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Iris Apfel and Her Impact on the Fashion Industry

by Lois Geal

Style icon Iris Apfel recently passed aged 102. The news was announced on Instagram on March 1st via Apfel's official Instagram page. “Iris Barrel Apfel. August 29, 1921 - March 1, 2024,” the photo’s caption read. The picture featured Apfel in a billowing black dress with glittering gold details, a large statement collar, and a pair of her signature round glasses. This particular pair featured unique 100-shaped frames.



Apfel founded the international textile manufacturing company Old World Weavers in 1950 with her late husband, Carl Apfel. She later caught the eye of the fashion world for her bold style and bolder personality, well-known for mixing larger-than-life silhouettes with even bigger baubles. She was rarely seen without a pair of round glasses or a red lip. 


In 2005, her sense of style was celebrated by the Metropolitan Museum of Art’s Costume Institute in a show titled “Rara Avis,” which is Latin for “rare bird.”


Apfel entered the fashion industry's consciousness in her eighties when her wardrobe formed the 2005 exhibition titled Rara Avis: Selections From The Iris Barrel Apfel Collection at the Costume Institute, which explored 'the power of dress and accessories to assert style above fashion'. 


She also featured in campaigns for the likes of Coach and Kate Spade.


Apfel was famous for her irreverent, eye-catching outfits, mixing haute couture and oversized costume jewelry. A classic Apfel look would, for instance, pair a feather boa with strands of chunky beads, bangles and a jacket decorated with Native American beadwork.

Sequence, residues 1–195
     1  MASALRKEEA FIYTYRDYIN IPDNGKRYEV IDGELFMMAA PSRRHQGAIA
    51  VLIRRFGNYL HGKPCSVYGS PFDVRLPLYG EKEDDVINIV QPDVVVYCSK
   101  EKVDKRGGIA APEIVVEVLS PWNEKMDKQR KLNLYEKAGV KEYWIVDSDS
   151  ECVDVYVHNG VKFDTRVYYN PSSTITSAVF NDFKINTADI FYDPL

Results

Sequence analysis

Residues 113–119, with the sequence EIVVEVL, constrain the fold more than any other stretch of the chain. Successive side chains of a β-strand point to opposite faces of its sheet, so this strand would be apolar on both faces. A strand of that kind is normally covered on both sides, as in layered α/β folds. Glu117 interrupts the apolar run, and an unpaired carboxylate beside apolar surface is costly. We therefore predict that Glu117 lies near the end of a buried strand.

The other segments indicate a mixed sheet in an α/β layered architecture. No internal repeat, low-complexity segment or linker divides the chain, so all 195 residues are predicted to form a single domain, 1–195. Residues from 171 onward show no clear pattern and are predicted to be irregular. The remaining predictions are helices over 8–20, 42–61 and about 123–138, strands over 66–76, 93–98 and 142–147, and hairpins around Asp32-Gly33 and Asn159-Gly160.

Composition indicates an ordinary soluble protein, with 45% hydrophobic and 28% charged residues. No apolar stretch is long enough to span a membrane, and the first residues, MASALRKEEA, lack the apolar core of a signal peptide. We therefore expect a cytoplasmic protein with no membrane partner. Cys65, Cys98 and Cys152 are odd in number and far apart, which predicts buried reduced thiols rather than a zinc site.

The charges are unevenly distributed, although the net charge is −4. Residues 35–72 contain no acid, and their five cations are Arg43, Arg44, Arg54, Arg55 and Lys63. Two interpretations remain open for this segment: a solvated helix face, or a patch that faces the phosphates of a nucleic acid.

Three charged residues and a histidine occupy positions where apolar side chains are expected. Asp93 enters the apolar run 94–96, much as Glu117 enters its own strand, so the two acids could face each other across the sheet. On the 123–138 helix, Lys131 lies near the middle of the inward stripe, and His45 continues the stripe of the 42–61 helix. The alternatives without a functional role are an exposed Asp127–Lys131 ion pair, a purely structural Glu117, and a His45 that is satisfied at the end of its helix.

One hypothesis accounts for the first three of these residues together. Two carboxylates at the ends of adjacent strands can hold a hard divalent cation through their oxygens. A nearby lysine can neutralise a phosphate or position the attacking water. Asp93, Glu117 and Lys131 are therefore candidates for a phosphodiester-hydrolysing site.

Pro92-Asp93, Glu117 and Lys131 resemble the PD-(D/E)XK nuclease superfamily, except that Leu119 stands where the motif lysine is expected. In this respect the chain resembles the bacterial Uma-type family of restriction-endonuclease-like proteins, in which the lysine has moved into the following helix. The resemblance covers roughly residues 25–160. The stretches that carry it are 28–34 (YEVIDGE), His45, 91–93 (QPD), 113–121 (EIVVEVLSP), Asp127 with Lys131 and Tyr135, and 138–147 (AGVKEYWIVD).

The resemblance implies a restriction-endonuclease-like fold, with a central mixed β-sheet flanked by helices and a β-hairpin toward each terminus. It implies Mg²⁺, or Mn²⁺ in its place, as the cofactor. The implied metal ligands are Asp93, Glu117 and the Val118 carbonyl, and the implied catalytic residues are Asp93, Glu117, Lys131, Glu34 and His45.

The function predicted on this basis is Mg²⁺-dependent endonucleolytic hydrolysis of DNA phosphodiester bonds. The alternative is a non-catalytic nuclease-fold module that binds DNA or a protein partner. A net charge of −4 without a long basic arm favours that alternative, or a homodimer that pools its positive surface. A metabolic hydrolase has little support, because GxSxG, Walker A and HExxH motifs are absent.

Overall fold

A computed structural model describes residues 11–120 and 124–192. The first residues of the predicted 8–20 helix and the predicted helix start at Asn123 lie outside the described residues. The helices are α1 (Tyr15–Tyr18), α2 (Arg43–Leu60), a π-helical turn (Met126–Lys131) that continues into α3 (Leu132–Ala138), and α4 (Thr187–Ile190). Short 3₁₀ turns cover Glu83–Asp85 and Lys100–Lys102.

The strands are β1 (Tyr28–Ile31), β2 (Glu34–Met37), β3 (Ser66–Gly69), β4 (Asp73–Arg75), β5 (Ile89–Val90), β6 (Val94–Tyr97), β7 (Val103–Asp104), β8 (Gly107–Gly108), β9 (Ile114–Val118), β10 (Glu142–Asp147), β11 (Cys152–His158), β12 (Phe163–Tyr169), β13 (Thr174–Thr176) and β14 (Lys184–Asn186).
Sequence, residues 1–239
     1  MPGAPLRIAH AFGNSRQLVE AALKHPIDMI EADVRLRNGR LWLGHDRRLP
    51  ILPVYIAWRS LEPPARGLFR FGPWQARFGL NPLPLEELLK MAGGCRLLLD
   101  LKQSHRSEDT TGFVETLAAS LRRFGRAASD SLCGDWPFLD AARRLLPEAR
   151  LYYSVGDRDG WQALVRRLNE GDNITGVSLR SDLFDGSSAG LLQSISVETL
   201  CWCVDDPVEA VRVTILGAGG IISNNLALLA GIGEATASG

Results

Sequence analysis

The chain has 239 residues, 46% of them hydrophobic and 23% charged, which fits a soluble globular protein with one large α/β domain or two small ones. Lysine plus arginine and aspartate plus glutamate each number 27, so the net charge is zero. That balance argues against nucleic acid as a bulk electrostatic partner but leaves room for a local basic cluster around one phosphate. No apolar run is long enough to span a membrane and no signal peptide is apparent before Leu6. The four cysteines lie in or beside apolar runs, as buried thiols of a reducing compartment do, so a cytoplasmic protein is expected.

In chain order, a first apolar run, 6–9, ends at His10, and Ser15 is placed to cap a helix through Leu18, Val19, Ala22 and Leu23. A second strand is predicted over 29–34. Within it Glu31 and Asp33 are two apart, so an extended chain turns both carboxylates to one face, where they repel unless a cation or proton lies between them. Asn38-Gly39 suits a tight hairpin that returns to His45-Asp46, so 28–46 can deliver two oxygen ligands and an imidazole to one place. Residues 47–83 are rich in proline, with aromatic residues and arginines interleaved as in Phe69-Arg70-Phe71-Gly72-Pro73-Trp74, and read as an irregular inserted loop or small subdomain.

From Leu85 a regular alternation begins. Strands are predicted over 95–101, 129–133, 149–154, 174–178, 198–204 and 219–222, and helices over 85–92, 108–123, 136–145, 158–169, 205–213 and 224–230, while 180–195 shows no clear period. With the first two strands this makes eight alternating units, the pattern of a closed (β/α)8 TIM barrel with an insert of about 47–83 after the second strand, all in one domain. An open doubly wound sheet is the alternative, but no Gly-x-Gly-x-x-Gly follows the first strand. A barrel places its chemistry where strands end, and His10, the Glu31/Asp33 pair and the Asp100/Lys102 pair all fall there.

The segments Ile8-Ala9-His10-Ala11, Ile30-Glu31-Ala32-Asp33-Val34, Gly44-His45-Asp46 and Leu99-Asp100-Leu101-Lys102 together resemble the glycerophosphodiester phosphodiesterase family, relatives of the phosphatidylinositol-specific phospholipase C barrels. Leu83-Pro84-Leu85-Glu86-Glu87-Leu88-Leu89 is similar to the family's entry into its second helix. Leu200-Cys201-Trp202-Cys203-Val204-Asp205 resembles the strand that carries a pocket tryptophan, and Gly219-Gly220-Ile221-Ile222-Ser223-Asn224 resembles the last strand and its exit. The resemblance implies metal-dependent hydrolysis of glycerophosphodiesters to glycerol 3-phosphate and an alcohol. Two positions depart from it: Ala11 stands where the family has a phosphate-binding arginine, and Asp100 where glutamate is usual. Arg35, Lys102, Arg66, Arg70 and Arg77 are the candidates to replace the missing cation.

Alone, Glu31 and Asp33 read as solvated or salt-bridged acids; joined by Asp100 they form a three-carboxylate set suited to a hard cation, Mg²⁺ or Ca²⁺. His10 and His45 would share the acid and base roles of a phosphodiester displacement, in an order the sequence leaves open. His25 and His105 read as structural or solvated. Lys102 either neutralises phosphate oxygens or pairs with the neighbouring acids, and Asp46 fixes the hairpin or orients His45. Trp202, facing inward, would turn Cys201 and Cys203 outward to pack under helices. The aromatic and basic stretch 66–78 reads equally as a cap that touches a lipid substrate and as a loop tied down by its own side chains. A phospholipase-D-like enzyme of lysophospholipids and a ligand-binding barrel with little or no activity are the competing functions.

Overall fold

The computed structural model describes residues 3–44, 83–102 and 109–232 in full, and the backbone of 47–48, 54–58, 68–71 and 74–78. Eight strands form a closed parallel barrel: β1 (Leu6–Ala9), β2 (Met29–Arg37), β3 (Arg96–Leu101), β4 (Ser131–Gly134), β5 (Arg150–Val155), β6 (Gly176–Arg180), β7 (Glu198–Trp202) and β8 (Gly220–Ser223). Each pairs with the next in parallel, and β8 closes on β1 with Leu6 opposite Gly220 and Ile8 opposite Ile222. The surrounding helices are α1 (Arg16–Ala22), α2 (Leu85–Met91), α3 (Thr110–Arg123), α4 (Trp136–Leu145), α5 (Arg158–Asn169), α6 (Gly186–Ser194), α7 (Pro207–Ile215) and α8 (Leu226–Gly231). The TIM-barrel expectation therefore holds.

With her big, round, black-rimmed glasses, bright red lipstick and short white hair, she stood out at every fashion show she attended. Her style was the subject of museum exhibits and a documentary film, “Iris,” directed by Albert Maysles.


“I’m not pretty, and I’ll never be pretty, but it doesn’t matter,” she once said. “I have something much better. I have style.”


Apfel enjoyed late-in-life fame on social media, amassing nearly 3 million followers on Instagram, where her profile declares: “More is more & Less is a Bore.” On TikTok, she drew 215,000 followers as she waxed wise on things fashion and style and promoted recent collaborations.


Her originality is typically revealed in her mixing of high and low fashions — Dior haute couture with flea market finds, 19th-century ecclesiastical vestments with Dolce & Gabbana lizard trousers.” The museum said her “layered combinations” defied “aesthetic conventions” and “even at their most extreme and baroque” represented a “boldly graphic modernity.”


She also designed a line of accessories and jewellery for Home Shopping Network, collaborated with H&M on a sold-out-in-minutes collection of brightly-colored apparel, jewelry and shoes, put out a makeup line with Ciaté London, an eyeglass collection with Zenni and partnered with Ruggable on floor coverings.


Asked for her fashion advice, she said, “Everybody should find her own way. I’m a great one for individuality. I don’t like trends. If you get to learn who you are and what you look like and what you can handle, you’ll know what to do.”

  

She called herself the “accidental icon,” which became the title of a book she published in 2018 filled with her mementos and style musings. Odes to Apfel are abundant, from a Barbie in her likeness to T-shirts, glasses, artwork and dolls.

  

Forever known as an American businesswoman, interior designer, fashion designer as well as actress, Iris Apfel, like many other fashion icons across the world, will be remembered with fond hearts and inspired individuals, both within the fashion industry and fashion lovers alike. Towards the astonishing age of 102, Iris has given many pieces of advice and wisdom to those wanting to define their own style. 

  

And so she shall continue doing so in the future to come; with her vibrant personality and inspiring outlook on fashion. May she rest in peace. 

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